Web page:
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With the rising temperatures, the soils are warmer and  the roots are more actively absorbing nutrients while restoring color to the vines, peaked after the efforts of bud break in cool weather. Suckering, the selection of primary fruiting positions by removal of unwanted shoots and growth, is in full swing and the pressure is on the vineyard crew. This needs to be completed well before flowering, which typically happens when there are between 12 and 14 nodes on the vine. The more advanced vines in the vineyard are already at eight nodes and the window is narrowing.

There is more the vineyard crew must worry about. As temperatures creep up past 75 degrees, the young vines are susceptible to powdery mildew. Mildew stunts growth and can affect the vintage by affecting the green fruit post bloom and arresting ripening and the accumulation of sugar. So the tractor is out again spraying horticultural oils to smother mildew spores.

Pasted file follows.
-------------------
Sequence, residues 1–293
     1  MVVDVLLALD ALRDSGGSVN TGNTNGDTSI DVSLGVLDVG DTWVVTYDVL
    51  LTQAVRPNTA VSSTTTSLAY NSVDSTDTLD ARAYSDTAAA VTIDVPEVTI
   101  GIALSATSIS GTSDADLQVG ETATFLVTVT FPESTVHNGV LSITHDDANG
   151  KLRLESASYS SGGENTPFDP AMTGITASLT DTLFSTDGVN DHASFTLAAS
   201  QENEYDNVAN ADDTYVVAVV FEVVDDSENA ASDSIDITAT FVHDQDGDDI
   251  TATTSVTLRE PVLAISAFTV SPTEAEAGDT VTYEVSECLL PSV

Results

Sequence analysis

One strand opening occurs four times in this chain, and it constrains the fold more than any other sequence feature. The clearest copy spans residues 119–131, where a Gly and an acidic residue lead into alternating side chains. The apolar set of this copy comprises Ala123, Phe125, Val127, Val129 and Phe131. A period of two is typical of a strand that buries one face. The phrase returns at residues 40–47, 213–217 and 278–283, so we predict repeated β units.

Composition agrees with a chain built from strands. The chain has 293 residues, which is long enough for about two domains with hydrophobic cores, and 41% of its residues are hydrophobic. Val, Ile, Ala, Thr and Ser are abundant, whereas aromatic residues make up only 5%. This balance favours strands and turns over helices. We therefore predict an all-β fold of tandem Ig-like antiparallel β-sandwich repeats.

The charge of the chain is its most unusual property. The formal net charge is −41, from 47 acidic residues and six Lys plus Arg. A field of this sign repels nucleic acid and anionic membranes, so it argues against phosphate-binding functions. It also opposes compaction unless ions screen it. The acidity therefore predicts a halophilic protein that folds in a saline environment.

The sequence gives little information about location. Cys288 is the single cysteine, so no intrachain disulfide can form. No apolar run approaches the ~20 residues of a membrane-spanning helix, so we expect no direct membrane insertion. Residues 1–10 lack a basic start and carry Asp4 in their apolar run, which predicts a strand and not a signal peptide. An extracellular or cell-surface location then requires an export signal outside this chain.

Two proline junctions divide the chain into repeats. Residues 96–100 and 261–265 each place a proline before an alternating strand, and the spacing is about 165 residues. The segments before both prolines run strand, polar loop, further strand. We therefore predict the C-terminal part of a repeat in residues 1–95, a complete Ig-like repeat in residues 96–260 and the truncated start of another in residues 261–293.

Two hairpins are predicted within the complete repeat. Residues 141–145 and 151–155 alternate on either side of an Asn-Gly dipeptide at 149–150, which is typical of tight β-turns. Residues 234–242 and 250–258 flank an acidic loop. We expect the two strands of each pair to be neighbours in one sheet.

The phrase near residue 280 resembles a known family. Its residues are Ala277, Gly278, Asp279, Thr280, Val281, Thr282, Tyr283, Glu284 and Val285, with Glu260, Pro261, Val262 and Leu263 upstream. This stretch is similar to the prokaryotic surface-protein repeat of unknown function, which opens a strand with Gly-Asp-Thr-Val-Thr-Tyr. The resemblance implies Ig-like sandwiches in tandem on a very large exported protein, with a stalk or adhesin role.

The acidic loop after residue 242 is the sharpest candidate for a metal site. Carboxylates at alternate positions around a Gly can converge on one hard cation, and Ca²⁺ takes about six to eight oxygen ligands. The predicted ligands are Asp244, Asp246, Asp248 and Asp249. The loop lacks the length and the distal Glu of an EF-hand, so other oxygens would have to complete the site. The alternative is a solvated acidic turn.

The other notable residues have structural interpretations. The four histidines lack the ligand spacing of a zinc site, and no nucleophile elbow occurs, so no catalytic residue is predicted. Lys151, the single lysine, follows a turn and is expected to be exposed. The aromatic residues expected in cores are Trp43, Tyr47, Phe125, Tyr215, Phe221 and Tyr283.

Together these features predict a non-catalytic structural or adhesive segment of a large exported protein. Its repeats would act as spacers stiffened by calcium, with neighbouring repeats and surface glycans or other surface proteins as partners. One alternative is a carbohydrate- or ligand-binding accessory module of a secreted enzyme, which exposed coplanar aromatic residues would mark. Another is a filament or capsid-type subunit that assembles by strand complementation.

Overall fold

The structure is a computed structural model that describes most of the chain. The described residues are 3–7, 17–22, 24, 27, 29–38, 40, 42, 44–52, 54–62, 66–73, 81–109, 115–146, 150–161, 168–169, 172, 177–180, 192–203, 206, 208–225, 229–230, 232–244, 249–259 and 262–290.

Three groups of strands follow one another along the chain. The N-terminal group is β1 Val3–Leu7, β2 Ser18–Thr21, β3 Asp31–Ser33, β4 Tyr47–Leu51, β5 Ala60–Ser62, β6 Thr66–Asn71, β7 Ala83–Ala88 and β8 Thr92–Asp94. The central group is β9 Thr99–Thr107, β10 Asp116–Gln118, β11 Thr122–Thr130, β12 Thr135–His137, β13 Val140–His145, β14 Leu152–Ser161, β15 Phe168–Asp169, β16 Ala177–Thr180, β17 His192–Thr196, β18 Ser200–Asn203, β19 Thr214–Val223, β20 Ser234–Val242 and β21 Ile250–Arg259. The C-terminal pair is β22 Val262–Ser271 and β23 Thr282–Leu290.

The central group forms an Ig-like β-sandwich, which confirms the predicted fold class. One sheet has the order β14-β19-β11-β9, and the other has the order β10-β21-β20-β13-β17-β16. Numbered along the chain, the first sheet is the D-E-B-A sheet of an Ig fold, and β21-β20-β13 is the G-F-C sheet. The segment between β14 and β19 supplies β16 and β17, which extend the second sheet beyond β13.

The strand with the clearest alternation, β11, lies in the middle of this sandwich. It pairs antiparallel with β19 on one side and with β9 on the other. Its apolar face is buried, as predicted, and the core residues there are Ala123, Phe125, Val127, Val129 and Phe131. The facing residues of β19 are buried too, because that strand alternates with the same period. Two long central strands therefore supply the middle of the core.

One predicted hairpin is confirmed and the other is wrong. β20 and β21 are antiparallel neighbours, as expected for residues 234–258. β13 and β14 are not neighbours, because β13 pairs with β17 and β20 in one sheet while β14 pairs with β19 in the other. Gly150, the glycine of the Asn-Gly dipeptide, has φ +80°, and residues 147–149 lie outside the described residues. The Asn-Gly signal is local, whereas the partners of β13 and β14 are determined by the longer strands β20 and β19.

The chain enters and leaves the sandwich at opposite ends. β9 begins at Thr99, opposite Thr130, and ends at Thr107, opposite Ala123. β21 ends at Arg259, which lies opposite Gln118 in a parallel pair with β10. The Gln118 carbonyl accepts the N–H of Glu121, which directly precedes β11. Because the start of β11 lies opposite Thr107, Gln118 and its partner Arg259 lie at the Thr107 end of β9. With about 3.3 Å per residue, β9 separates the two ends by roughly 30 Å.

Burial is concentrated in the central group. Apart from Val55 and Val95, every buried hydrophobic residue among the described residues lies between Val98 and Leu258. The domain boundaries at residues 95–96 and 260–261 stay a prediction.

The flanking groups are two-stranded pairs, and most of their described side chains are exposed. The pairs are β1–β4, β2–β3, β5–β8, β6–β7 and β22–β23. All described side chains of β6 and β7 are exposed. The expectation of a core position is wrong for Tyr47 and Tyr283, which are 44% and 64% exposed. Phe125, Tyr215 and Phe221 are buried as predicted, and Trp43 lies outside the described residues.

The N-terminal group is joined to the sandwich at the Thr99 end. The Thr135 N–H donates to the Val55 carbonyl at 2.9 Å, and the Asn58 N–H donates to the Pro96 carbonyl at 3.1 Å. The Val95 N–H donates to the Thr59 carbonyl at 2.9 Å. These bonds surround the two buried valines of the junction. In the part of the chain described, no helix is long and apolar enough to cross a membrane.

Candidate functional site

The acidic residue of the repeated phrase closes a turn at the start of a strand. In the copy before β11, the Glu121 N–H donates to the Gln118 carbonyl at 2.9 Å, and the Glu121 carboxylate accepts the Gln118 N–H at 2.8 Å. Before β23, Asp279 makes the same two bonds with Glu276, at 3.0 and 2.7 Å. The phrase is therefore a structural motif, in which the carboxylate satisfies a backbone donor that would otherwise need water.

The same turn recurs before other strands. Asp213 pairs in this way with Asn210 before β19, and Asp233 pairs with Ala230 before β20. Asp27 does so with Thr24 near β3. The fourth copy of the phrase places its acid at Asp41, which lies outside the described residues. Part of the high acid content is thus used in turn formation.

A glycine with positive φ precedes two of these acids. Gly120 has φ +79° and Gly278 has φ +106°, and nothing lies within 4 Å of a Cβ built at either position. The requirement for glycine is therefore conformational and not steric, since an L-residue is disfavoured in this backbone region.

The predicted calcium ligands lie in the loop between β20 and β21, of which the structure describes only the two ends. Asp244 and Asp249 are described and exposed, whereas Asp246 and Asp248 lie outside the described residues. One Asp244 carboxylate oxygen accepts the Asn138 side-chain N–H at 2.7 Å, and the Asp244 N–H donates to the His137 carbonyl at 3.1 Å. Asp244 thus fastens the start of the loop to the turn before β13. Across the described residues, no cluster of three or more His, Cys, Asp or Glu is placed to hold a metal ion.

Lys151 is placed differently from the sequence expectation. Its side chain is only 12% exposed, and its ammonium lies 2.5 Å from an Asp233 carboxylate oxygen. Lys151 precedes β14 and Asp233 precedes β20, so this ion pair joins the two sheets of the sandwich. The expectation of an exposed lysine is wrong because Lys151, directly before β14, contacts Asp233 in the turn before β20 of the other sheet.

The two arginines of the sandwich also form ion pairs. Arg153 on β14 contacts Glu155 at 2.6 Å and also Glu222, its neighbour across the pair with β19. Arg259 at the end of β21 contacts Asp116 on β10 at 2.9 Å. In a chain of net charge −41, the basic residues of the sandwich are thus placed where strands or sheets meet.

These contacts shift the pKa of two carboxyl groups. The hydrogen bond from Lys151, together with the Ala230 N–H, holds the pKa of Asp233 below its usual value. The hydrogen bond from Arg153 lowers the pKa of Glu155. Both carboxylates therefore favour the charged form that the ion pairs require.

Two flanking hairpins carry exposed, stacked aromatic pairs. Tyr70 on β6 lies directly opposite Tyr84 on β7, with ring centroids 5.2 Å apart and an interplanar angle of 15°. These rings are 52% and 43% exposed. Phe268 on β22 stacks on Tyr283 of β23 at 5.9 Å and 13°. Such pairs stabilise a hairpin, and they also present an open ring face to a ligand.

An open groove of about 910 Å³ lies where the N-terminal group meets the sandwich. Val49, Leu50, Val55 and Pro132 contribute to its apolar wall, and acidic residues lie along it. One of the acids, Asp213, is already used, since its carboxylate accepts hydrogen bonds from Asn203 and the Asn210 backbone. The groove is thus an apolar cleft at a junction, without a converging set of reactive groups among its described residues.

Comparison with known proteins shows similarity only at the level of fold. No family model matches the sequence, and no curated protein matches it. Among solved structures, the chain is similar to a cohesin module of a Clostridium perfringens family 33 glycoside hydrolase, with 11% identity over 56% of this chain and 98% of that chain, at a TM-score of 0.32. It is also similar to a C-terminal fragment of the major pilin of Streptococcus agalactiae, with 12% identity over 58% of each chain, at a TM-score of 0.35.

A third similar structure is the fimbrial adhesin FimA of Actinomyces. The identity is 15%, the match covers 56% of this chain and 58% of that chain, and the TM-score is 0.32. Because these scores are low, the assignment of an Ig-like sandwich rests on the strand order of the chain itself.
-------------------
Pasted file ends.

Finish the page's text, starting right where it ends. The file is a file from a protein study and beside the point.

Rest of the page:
This is also the time when the vines absorb nutrients effectively. So organic sources of calcium, boron, zinc, magnesium, nitrogen, iron, phosphorus, manganese and potassium are being applied.

All this is done with consideration to the block, its age, the rootstock, its performance in the last harvest and its growth thus far.

In a few weeks, we will have a sense of the crop….very exciting!

Celebrating the Fathers at Lynmar

Posted by Anisya Fritz, Proprietor

I believe that what we become depends on what our fathers teach us at odd moments, when they aren’t trying to teach us. We are formed by little scraps of wisdom.”
― Umberto Eco, Foucault’s Pendulum

At Lynmar Estate, fathers with happy faces farm our grapes, their boots going back and forth between the over 100,000 vines on our three Estate vineyards. A father with strawberry blond hair and a passion for Pinot Noir makes our wine. A father once, to be one again soon, works hard to ensure the health of our beauteous organic gardens. The abundance of fruits and vegetables harvested there are transformed to delicious, wine-friendly food by another father with a chef’s coat and a twinkle in his eye.